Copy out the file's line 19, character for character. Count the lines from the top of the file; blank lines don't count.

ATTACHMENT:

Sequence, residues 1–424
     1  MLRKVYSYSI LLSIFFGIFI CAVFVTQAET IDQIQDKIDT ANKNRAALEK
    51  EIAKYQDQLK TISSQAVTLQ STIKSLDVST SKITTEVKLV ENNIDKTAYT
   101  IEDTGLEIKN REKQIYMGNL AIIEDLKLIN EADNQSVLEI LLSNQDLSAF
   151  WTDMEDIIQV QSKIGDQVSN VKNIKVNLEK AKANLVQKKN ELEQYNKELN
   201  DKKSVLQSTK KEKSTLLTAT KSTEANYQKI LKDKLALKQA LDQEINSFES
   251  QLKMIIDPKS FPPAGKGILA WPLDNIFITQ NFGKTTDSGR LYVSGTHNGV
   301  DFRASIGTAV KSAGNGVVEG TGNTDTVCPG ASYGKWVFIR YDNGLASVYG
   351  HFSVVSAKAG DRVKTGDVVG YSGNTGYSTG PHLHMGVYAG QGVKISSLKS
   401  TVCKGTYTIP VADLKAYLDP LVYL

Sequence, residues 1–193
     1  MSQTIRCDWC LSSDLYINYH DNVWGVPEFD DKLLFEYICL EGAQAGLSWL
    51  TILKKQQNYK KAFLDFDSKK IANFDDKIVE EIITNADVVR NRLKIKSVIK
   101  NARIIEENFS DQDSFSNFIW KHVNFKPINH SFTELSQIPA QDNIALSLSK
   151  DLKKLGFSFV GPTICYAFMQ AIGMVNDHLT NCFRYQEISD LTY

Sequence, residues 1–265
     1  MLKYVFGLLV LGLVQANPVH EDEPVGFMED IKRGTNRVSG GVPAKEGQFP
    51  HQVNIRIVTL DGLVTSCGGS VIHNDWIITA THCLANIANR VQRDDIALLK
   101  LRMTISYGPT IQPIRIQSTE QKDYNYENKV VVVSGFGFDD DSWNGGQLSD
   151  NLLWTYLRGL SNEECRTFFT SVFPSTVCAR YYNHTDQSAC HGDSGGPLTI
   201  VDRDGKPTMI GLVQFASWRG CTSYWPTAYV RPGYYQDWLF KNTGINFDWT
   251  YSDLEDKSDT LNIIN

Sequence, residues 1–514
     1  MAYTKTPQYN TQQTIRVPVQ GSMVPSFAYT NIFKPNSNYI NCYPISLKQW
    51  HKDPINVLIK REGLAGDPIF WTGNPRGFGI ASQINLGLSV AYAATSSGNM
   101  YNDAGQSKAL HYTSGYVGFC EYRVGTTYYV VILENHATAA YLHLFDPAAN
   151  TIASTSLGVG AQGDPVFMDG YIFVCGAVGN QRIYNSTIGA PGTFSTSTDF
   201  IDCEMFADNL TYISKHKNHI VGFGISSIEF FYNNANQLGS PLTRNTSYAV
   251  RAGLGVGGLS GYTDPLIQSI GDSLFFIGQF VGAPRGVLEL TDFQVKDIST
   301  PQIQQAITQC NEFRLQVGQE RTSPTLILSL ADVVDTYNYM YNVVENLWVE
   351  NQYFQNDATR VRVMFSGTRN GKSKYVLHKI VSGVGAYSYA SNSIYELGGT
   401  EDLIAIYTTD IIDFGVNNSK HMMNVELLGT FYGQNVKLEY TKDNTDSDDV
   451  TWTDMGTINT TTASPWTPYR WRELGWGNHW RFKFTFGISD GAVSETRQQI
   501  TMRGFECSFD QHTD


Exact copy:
   101  LRMTISYGPT IQPIRIQSTE QKDYNYENKV VVVSGFGFDD DSWNGGQLSD